Received: November 3, 2020
Peer-review started: November 3, 2020
First decision: January 23, 2021
Revised: January 29, 2021
Accepted: March 1, 2021
Article in press: March 1, 2021
Published online: April 7, 2021

Abstract
BACKGROUND

Rectal subepithelial lesions (SELs) are commonly seen in endoscopic examination, generally manifested as bumps with a smooth surface. Precise preoperative diagnoses for rectal SELs are difficult because abnormal tissues are not easily to be obtained by regular endoscopic forceps biopsy. Traditional guidance modalities of preoperative biopsy, including endoscopic ultrasound, computed tomography, and transabdominal ultrasound, are often unsatisfactory. An updated, safe, and effective biopsy guidance method is required. We herein report a new biopsy guidance modality—endorectal ultrasound (ERUS) combined with contrast-enhanced ultrasound (CEUS).

CASE SUMMARY

A 32-year-old woman complained of a mass inside the rectovaginal space for 9 years, which became enlarged within 1 year. A rectal SEL detected by endoscopy was suspected to be a gastrointestinal stromal tumor or exophytic uterine fibroid. Pathological diagnosis was difficult because of unsuccessful transabdominal core needle biopsy with insufficient tissues, as well as vaginal hemorrhage. A second biopsy was suggested after multiple disciplinary treatment discussion, which referred to a transperineal core needle biopsy (CNB) guided by ERUS combined with CEUS. Adequate samples were procured and rectal gastrointestinal stromal tumor was proved to be the pathological diagnosis. Imatinib was recommended for first-line therapy by multiple disciplinary treatment discussion. After the tumor shrunk, resection of the rectal gastrointestinal stromal tumor was performed through the posterior vaginal wall. Adjuvant therapy was applied and no recurrence or metastasis has been found by the last follow-up on December 13, 2019.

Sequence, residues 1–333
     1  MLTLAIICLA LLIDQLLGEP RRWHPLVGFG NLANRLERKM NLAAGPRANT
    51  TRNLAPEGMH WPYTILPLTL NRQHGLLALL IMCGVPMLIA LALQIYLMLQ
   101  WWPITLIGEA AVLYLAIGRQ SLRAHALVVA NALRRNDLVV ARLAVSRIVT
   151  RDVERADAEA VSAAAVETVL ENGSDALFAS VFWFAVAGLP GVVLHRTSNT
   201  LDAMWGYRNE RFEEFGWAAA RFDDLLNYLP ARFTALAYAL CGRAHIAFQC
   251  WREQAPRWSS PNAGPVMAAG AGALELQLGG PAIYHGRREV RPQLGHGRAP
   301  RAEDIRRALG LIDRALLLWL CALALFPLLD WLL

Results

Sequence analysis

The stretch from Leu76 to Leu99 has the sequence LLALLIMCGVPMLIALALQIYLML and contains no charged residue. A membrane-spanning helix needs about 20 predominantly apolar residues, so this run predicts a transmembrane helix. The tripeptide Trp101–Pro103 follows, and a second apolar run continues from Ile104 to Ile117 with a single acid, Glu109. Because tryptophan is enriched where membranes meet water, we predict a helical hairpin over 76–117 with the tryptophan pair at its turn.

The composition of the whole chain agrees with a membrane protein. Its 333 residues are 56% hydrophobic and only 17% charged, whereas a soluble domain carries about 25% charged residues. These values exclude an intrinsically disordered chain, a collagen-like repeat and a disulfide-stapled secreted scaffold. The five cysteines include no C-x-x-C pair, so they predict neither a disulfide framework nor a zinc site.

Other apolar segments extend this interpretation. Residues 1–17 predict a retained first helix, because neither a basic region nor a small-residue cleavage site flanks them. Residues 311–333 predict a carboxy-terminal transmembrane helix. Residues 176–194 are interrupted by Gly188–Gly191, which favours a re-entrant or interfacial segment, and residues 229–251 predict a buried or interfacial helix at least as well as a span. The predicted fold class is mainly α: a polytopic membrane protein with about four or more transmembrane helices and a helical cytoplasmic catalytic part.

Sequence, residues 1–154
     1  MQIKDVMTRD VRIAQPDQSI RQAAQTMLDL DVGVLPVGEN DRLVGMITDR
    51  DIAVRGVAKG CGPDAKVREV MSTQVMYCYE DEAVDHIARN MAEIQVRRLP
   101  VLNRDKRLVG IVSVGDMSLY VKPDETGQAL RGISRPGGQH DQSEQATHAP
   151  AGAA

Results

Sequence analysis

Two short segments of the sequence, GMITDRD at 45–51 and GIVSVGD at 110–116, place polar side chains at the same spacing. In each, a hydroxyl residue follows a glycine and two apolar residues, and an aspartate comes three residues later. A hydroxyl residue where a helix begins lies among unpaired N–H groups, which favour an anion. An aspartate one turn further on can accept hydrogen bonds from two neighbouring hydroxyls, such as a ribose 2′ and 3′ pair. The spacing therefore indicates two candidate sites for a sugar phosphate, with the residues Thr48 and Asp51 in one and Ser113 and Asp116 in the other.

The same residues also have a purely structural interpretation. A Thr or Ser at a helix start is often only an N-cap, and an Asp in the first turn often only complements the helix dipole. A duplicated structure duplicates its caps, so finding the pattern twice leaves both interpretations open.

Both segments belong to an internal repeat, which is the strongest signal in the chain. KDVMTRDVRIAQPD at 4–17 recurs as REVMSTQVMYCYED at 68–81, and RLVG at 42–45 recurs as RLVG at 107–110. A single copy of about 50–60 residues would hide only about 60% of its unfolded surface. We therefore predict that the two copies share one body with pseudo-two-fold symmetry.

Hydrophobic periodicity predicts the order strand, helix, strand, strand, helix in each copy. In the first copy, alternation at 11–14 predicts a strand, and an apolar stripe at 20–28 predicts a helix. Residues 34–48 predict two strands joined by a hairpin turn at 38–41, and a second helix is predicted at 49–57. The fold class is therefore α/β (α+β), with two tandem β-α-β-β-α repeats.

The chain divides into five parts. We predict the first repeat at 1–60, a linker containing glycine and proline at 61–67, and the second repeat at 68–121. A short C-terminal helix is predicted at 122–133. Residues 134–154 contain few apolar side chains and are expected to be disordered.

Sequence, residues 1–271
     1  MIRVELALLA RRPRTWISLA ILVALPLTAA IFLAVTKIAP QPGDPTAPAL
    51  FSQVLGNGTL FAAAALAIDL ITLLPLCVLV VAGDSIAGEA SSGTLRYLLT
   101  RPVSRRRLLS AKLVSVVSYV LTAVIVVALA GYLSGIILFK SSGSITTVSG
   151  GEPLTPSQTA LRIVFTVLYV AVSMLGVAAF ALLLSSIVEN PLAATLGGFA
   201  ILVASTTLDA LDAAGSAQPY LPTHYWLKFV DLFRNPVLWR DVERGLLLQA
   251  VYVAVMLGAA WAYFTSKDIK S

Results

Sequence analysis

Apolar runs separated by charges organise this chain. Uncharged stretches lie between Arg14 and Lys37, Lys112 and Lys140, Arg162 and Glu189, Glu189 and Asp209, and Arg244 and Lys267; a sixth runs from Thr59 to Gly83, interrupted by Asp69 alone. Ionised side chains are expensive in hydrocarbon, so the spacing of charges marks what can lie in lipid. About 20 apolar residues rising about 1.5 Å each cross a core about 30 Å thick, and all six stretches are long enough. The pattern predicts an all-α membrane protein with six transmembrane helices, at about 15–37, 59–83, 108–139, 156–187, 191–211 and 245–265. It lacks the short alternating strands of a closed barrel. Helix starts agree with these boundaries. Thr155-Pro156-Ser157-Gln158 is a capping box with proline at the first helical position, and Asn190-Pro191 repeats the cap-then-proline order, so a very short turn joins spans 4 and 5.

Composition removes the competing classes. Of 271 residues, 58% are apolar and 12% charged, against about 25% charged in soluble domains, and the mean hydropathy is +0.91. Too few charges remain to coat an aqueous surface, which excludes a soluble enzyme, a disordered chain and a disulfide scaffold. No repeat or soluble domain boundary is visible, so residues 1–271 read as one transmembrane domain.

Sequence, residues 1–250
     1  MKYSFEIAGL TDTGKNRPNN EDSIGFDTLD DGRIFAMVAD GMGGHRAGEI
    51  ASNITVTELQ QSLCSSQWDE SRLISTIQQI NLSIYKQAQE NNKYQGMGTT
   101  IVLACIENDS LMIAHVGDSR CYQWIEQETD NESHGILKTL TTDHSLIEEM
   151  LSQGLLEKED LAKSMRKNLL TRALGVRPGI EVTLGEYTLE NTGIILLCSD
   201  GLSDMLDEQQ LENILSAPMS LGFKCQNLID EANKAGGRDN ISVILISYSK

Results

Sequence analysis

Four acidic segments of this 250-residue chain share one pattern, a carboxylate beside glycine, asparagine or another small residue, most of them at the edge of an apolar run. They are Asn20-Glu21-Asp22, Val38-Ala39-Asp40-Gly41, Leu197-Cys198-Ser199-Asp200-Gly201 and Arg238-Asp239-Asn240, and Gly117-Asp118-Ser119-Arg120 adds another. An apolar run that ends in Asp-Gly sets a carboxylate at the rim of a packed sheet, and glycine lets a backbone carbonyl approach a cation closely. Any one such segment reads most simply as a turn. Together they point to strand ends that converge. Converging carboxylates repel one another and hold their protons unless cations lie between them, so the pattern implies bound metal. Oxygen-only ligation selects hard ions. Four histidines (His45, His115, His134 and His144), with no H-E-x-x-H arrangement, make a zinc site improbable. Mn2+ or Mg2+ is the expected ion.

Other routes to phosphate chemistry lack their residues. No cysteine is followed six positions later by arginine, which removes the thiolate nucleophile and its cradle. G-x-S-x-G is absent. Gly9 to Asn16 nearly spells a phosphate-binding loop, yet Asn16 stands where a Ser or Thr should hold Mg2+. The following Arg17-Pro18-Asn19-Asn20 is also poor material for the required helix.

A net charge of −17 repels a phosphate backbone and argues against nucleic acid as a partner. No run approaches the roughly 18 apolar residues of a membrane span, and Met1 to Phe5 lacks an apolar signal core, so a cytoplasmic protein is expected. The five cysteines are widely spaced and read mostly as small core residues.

CONCLUSION

Transperineal CNB guided by ERUS and CEUS is a safe and effective preoperative biopsy of rectal SELs yet with some limitations.

Key Words: Transperineal core needle biopsy, Endorectal ultrasound, Contrast-enhanced ultrasound, Rectal subepithelial lesion, Case report

Core Tip: Rectal subepithelial lesions (SELs) often manifest as bumps with a smooth surface on endoscopy. An efficient biopsy strategy is crucial to sampling for differentiation of pathological types. The transperineal core needle biopsy guided by endorectal ultrasound combined with contrast-enhanced ultrasound overcomes the limitations of previous guidance, such as sampling inadequacy, high risk of complications, and exposure to radiation. In our case, unsuccessful transabdominal biopsy led to failure of pathological diagnosis. The patient underwent this new biopsy modality then, and a diagnosis was finally made. No complications occurred. We recommend this new strategy as a promising tool for rectal SEL biopsy.



INTRODUCTION